Actually since its  just us three…does anyone mind if I  skip the reading  and…lets have a show of hands! How many of you have been hypnotized? I haven’t had any hypnosis training but the fact that you’re here on a Wednesday night at dinner time in the dead of winter tells me you have a limited choice of destinations. So if you’ll all just play along, and when I snap my fingers, we’ll all count backwards from fifty. Then somewhere around 30 , you can just drop your heads forward and close your eyes. It’ll make me feel really powerful. And then when I tell you that you’re a bantam rooster, get up and strut and make crowing noises for a few seconds.You’ll never see me again. You have my word: I’m never coming back to this city. And after the enormous hit my ego has taken this evening, I really need you to give me this moment. Then immediately afterward, I will take the  three of you out for coffee and pie and you can show me whats in all those bags.

Then I’ll go back to my hotel room and drink.







By they way, my new book is for sale here and lots of other places. Buy one and save me from having to go out and read.



Oh, the giddy hilarity of bras.

Posted February 14th, 2012

Well, its President’s Day and of course the excitement is palpable. So many holidays, so many opportunities to buy chairs or refrigerators. It can be overwhelming.

Obviously we humans love our holidays. In ancient Rome they had 159 publicly funded holidays a year. Three a week!  The ancient Romans were so busy packing and unpacking decorations and lights and preparing special meals for family that they forgot to notice their empire was crumbling. Maybe we like holidays so much because we rely on them for a formal excuse for celebration. As if there weren’t a million reasons to celebrate anyway! And I can think of no better example than this  catalog I got in the mail yesterday;  a perfect reminder not to overlook the simple, mundane things in life that bring us joy. Like bras. Because a woman grows up wearing one every day from about age 11 on,  it becomes so routine, she can forget about all the merriment.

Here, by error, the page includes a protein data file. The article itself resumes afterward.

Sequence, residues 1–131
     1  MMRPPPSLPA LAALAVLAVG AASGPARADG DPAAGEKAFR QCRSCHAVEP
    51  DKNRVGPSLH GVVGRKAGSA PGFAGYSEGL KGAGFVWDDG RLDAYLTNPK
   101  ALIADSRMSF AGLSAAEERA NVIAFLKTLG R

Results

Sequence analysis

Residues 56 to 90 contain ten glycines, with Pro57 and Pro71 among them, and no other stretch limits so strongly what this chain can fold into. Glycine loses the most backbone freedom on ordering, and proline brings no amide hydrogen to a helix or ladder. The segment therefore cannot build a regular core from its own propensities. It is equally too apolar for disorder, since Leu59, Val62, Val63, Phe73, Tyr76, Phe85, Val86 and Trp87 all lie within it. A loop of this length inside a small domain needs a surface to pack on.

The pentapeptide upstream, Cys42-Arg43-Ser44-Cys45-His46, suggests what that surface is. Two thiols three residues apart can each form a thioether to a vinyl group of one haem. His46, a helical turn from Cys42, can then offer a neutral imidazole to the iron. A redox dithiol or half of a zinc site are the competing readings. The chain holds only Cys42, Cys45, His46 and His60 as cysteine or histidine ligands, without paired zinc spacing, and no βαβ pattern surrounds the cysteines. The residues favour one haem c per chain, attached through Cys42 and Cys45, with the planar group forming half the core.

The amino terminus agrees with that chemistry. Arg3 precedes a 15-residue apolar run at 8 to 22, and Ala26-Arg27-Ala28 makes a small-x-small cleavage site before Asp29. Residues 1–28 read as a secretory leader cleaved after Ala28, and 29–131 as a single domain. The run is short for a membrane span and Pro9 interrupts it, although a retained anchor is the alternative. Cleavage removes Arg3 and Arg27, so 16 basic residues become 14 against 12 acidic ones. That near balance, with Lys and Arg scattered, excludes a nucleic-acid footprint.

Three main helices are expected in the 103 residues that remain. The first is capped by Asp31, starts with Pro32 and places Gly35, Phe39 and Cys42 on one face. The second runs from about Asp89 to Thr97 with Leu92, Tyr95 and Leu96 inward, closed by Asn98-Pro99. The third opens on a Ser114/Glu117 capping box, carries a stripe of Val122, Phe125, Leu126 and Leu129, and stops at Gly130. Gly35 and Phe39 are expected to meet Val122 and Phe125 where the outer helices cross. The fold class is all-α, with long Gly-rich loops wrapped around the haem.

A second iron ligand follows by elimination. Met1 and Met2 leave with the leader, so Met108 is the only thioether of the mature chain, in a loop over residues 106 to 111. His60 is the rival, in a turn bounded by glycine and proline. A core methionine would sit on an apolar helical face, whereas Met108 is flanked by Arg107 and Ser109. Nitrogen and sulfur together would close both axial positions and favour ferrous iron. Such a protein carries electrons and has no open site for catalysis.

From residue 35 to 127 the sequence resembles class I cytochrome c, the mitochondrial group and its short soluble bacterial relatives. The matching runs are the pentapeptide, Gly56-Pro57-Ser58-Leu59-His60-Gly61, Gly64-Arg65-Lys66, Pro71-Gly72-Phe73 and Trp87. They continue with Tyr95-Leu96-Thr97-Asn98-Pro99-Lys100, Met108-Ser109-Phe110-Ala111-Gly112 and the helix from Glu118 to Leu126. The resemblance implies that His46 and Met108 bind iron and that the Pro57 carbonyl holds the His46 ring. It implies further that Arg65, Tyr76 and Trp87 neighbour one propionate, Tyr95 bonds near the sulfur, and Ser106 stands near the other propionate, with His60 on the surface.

So kudos to the genius who put this catalog together. He or she had the soul and the heart to remind us how nothing is more fun than a bra!  Why, you no sooner put one on then you get so giddy, you just can’t restrain yourself from clowning! Next thing you know, you’ve made yourself a bowl of cereal so enormous, there’s nothing to do but throw it in the air!  Then you eat two popsicles at the same time and follow it up with two cannolis! Why? Because one thing about hanging out in your bra: You don’t feel self conscious at all about your belly fat. Part of the magic of a bra is the way it makes you want to sit down and eat a stack of 17 pancakes (after you examine a fork full you stole from someone else, since as far as I can tell in that photo,she hasn’t touched a single one of her seventeen yet.) Or order a bucket of chicken designed for a family of 12. Then you start spearing fruit! Yep! That’s what a great bra will do for you: energize you so much you practically turn in to a fruit ninja!  Before you know it,  you’ve got a book on your head and you’re using cup cakes for glasses!                                                           So…thank you bras…for all the years of wacky hilarity. Of all the underwear, you’re like the second funniest. After underpants.